Judge OKs release of Romney divorce case testimony

Associated Press
CORRECTS NAME TO MAUREEN SULLIVAN STEMBERG, NOT MAUREEN STEMBERG SULLIVAN - Maureen Sullivan Stemberg, left, ex-wife of Staples founder Tom Stemberg, and her lawyer Gloria Allred, stand in Norfolk County Probate Court Thursday, Oct. 25, 2012, in Canton, Mass. Lawyers for The Boston Globe are to return to court Thursday to argue for the public release of testimony given by GOP presidential candidate Mitt Romney in the divorce of Stemberg.  (AP Photo/Mark Garfinkel. pool)
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CANTON, Mass. (AP) — A Massachusetts judge on Thursday granted a request to unseal testimony by GOP presidential candidate Mitt Romney in the decades-old divorce of Staples founder Tom Stemberg.

Lawyers for The Boston Globe sought release of the testimony, arguing that the public has the right to know the contents because Stemberg has been a prominent spokesman for Romney's qualifications for the presidency and has cited Romney's role in Staples' success. The office supply company was founded with backing from Romney's firm, Bain Capital.

Stemberg's ex-wife, Maureen Sullivan Stemberg, supported the Globe's request.

The transcripts were not immediately released Thursday; lawyers said they were still reviewing them.

The Globe also had sought a modification of a confidentiality order prohibiting either side from discussing any aspect of their divorce proceeding, including Romney's testimony, but dropped that request after lawyers for Tom Stemberg said they did not object to Romney's testimony being released.

During a hearing in Norfolk Probate and Family Court, celebrity lawyer Gloria Allred, who is representing Stemberg's former wife, became incensed that the Globe was no longer seeking to lift the gag order. She said Stemberg's ex-wife wants to give the public her opinion of Romney, but can't unless the order is lifted.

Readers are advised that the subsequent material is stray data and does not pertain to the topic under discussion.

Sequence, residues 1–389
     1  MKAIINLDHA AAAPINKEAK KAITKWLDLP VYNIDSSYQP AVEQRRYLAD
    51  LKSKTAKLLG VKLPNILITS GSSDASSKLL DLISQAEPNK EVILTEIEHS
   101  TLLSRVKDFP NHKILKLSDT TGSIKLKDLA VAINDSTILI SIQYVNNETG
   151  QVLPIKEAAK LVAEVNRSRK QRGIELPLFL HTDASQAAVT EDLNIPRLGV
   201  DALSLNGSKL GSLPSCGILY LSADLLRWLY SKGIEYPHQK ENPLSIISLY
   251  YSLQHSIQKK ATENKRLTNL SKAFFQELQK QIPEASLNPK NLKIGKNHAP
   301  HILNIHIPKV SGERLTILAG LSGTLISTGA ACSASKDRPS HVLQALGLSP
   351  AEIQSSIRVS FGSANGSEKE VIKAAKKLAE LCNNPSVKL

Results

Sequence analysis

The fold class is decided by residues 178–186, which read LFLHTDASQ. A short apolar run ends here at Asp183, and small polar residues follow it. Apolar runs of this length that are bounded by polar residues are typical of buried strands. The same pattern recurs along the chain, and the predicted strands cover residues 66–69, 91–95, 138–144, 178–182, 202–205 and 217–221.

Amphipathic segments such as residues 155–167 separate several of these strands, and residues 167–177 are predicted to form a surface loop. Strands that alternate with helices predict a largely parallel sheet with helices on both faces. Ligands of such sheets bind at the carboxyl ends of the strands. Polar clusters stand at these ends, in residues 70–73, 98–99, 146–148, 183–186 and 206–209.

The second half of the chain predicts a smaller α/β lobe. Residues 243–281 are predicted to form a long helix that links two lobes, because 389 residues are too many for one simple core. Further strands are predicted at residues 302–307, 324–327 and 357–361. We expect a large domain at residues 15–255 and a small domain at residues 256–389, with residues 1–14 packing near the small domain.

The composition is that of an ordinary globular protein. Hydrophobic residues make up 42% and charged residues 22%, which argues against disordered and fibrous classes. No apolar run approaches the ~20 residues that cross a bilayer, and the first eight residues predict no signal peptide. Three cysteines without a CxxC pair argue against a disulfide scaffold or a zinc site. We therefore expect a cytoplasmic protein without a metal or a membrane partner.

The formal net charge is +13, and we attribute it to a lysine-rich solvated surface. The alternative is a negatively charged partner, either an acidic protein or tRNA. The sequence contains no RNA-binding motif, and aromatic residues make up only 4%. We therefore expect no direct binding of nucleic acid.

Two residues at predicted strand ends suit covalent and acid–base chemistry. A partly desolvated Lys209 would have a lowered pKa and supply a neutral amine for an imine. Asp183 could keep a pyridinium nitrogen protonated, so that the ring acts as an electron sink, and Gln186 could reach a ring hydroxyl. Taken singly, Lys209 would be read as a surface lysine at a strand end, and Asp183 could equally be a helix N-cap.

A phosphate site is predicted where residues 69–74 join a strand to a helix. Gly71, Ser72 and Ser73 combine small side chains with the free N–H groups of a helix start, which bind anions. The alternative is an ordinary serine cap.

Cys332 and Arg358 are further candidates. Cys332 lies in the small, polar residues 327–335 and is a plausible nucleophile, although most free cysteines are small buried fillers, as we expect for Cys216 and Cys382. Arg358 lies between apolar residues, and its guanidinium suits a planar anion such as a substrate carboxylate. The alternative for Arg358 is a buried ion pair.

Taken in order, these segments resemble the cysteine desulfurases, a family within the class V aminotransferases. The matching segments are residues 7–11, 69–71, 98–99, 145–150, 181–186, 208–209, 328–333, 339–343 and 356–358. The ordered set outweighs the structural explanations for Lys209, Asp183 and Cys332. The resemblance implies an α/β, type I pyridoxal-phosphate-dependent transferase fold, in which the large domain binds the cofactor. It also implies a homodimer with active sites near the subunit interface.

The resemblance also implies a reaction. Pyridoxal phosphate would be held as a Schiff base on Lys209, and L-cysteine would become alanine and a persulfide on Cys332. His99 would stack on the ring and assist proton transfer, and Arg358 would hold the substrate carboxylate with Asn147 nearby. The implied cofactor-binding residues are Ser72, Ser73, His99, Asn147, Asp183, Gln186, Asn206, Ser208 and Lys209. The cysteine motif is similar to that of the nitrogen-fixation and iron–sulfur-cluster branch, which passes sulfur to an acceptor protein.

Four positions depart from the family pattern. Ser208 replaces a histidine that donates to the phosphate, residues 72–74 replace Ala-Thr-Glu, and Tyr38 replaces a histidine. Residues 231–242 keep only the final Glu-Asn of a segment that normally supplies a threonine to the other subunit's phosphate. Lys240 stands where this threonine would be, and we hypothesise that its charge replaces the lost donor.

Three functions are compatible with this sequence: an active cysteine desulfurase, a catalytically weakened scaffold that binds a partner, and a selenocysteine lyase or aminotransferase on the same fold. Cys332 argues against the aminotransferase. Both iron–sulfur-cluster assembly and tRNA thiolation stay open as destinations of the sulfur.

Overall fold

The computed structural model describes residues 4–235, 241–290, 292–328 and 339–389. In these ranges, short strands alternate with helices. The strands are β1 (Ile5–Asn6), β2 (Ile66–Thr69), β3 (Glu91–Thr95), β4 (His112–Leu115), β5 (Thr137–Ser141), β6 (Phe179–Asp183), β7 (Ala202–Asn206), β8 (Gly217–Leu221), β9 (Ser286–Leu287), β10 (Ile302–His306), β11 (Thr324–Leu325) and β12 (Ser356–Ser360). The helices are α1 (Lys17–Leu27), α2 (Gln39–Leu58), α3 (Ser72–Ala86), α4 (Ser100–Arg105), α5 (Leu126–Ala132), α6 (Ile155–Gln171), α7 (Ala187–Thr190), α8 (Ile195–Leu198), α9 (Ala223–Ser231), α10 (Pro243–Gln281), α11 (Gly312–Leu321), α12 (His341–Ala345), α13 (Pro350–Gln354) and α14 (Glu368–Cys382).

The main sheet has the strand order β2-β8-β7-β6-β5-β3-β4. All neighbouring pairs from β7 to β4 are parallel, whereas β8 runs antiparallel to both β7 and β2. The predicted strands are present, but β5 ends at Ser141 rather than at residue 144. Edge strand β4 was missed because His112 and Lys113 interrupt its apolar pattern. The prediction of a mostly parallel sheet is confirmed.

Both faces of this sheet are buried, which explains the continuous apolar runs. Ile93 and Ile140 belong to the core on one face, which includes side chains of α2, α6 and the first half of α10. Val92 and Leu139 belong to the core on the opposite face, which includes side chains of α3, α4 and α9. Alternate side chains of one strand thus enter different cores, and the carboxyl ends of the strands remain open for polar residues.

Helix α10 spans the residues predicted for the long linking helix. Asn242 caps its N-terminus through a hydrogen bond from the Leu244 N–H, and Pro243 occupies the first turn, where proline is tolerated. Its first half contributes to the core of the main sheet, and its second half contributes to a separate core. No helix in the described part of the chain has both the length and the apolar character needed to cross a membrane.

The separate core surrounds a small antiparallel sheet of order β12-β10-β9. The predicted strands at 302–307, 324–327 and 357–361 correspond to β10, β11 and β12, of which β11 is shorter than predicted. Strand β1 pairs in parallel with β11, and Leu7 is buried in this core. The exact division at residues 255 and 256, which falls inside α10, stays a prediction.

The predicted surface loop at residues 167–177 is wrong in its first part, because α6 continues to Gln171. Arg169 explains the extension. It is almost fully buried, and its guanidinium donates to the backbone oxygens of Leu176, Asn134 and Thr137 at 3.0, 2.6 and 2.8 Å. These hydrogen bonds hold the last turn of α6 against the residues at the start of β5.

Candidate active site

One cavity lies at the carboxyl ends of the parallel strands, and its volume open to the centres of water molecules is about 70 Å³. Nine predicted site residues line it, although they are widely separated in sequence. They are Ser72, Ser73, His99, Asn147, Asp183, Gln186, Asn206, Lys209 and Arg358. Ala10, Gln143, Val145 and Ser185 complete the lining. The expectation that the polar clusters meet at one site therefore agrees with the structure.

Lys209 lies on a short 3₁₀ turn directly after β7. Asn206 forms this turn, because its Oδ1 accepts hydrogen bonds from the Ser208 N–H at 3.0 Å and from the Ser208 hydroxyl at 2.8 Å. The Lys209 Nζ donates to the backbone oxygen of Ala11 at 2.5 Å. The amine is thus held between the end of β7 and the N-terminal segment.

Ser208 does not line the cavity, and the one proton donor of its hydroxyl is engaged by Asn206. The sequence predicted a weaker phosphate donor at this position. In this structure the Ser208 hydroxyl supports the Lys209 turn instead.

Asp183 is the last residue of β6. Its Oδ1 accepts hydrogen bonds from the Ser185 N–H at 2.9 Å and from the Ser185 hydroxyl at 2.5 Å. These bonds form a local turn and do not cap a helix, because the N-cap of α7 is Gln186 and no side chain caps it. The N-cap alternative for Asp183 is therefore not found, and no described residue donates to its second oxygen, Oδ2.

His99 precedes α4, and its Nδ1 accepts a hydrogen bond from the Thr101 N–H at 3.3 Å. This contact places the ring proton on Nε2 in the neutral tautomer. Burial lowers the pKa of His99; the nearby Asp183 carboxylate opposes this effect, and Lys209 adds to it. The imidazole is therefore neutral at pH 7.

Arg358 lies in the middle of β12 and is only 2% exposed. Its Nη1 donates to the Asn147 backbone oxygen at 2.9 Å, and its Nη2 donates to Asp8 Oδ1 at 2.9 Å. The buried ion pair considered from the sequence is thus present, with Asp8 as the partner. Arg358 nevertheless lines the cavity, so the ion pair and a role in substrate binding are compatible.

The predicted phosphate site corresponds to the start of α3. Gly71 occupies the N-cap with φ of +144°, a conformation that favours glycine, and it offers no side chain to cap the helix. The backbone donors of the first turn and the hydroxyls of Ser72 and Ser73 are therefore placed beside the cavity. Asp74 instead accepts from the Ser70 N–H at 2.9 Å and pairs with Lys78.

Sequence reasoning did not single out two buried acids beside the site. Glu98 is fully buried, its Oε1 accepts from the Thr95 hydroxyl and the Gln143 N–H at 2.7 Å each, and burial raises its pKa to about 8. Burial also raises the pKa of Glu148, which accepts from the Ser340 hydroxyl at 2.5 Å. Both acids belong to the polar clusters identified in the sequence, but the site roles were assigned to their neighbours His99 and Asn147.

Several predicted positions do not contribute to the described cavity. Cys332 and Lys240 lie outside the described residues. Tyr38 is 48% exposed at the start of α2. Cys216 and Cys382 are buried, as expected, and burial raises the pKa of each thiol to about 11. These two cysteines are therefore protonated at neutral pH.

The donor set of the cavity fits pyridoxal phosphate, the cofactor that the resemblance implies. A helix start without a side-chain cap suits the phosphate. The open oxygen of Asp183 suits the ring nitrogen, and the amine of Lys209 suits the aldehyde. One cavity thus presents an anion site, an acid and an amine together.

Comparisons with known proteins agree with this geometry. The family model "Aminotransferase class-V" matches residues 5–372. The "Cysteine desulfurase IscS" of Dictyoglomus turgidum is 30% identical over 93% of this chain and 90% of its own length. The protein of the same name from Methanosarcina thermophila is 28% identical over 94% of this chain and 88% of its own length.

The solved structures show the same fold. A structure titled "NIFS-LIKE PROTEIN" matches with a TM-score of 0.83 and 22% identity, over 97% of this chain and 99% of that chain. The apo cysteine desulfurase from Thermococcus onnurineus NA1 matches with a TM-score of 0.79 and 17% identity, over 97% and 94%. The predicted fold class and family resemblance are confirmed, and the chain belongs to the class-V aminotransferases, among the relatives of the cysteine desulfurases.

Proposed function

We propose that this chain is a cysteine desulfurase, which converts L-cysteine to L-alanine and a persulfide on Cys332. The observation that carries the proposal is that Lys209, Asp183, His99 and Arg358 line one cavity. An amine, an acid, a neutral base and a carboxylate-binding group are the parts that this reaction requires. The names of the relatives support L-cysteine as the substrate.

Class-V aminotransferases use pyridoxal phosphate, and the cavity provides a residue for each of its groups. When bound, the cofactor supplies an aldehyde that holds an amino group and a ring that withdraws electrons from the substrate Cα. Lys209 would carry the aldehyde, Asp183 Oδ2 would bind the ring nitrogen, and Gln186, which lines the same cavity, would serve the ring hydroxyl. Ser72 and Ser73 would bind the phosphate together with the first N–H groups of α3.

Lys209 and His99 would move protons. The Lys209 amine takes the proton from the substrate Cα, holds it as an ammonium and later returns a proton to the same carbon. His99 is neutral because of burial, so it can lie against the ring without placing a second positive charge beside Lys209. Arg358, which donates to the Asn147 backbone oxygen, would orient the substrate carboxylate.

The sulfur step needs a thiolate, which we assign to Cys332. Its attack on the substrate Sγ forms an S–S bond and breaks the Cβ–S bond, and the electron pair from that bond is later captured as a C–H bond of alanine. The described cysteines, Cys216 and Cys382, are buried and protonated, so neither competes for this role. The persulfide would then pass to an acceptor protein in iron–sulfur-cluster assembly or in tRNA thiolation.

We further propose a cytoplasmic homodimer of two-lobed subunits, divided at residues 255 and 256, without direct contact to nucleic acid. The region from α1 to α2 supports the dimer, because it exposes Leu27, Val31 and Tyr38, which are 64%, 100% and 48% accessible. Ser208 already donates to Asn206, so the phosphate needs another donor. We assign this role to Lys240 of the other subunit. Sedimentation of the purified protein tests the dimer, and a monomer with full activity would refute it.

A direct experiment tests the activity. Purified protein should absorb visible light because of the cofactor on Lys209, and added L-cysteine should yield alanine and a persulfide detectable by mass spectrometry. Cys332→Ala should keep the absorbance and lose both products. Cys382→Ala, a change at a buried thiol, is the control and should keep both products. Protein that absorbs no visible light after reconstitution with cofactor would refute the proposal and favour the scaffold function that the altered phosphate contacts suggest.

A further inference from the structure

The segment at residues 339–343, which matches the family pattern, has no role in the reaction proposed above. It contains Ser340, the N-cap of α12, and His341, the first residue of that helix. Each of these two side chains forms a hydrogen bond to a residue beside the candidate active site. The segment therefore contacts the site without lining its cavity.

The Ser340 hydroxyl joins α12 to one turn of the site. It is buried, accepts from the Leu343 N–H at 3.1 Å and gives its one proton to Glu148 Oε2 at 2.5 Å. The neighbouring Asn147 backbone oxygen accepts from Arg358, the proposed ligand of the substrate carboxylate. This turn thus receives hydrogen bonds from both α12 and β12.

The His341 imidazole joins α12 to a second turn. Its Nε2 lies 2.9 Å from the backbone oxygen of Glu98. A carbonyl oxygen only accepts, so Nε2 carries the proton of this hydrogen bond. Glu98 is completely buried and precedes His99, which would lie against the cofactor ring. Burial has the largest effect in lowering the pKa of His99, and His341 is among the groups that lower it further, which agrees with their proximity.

"I think voters have a right to know everything about Gov. Romney," Allred said. Without the "context" Sullivan Stemberg can provide, Allred said the transcripts will be "essentially meaningless to the public."

Globe Editor Martin Baron said the paper had no reason to object to getting the transcripts without lifting the gag order.

"The Globe's only interest all along, as should have been clear to all parties, was to obtain the transcript of a presidential candidate's testimony. We wanted to read it to see what was there, following standard practice in covering a major election," Baron said in a statement.

Romney's lawyer, Robert Jones, has said the transcripts include Romney's testimony about the value of Staples in 1991.

Maureen Sullivan Stemberg sued her husband in 1990, arguing that he had failed to reveal the true value of Staples stock in their property settlement agreement.

Allred said after the hearing that she planned to file a request as early as next week to lift the gag order.

Outside court, Allred referred to Tom Stemberg's "glowing" speech about Romney at the Republican National Convention and mockingly referred to him as "almost a BFF" of Romney's. In response to a reporter's question, Allred acknowledged being a supporter of President Barack Obama but said she is "not a surrogate for the Democratic Party."

George Regan Jr., a spokesman for Tom Stemberg, said in a statement that he was pleased that the gag order remained intact. He said the case is a private family matter that "has nothing to do with Gov. Romney."

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